Replying with a detailed report to the State Council’s request last month for public opinion on the draft of the revised food-safety regulations, the US-China Health Products Association said that regulatory reform would greatly improve China’s dietary supplement industry as well as bring greater safety and confidence to its consumers.
However, its first observation concerned the concept of what a health-food product really is.
“Health-food products are marketed in a variety of ways in China that further confuse the situation,” the report said, citing examples of calcium tablets being sold as OTC drugs, as health-food products with a blue-hat registration from CFDA and as general food.
It also mentioned witnessing traditional Chinese medicine companies selling herbal-based products as health-food products with blue-hat registrations. (The "blue hat" is the nickname for the small blue logo a product receives after being successfully registered.)
“The ambiguous nature of the current regulatory system and market environment has created a confusing overall experience for consumers and sends mixed messages about the role of health-food products,” the US-CHPA continued.
“In fact, most consumers in China believe that health-food products are a type of medicine due to their history of being sold in pharmacies as OTC, as well as some unscrupulous companies overstating their functions.”
Moreover, China’s current regulations for dietary supplements are based on product registration and are among the most restrictive in the world, the US-CHPA believes, with the registration process requiring animal testing and in some cases human trials.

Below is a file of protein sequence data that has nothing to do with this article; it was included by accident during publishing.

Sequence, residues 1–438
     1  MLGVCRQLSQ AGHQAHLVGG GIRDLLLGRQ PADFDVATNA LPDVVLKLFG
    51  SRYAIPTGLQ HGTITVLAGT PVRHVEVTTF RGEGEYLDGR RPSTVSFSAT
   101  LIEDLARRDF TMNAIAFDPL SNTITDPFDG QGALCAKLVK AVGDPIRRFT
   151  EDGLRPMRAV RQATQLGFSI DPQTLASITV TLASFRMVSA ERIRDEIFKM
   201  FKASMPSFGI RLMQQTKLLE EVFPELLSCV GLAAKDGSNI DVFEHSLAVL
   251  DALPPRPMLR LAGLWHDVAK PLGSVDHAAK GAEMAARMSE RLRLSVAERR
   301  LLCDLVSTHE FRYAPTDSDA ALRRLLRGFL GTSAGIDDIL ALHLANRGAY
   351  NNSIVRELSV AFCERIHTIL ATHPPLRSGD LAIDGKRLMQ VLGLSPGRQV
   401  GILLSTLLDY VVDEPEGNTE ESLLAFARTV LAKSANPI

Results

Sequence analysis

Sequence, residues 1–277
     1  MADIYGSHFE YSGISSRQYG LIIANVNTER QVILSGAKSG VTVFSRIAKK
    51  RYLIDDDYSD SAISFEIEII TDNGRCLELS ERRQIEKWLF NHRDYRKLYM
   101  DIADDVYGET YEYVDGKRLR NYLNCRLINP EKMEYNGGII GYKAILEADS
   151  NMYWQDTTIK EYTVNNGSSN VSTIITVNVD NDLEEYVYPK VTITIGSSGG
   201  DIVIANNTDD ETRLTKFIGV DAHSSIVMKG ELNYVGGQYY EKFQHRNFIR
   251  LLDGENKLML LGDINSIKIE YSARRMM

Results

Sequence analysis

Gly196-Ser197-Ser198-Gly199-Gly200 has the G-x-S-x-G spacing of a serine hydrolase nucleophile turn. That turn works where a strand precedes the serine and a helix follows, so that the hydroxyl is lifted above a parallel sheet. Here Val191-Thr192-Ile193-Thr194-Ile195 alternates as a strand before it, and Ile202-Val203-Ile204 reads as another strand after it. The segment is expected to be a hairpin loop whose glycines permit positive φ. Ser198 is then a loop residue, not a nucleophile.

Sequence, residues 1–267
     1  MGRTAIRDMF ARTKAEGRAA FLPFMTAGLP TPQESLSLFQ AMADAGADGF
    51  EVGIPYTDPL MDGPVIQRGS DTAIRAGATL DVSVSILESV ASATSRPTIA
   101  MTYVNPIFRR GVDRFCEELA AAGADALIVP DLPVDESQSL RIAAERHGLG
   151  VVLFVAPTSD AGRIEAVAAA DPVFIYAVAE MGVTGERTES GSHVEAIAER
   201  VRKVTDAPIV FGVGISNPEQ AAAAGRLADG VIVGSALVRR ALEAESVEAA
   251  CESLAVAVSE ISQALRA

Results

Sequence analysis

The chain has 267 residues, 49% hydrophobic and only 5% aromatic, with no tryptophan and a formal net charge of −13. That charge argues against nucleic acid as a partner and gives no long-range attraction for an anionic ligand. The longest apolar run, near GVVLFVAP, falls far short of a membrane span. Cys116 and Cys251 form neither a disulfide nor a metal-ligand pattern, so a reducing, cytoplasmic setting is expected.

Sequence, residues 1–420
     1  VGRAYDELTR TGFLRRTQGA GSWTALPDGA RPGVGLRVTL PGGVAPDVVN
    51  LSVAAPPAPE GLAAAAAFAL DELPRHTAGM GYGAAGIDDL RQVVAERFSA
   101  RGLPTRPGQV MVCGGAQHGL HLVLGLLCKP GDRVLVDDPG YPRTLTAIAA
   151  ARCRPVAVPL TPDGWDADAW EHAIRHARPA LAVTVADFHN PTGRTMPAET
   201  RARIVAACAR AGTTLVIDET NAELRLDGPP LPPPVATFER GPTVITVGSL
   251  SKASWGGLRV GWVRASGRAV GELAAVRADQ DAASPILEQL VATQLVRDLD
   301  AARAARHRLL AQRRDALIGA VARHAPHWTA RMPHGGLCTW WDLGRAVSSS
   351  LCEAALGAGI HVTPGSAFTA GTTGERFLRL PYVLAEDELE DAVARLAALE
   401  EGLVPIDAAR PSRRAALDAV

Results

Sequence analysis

One product SKU registration can take as long as two to three years to complete and cost in excess of US$50,000, the representative body warns.
Notification, not registration
To address such confusion, the association has urged the State Council to consolidate the industry under the one term “dietary supplement”.
“This is the term that is globally accepted and it also gives a much clearer definition of what the products are and what their purpose is.”
It also invited the Chinese FDA and the State Council to consider using the US FDA regulatory framework for dietary supplements, which are based on notification, rather than registration.
“If the regulatory system moves toward a system of notification and one based on ingredient not product approvals, the benefits to government, industry and consumers will be substantial,” the US-CHPA urged.
It is expected that China’s FDA will release new regulations for dietary supplements sometime in 2014.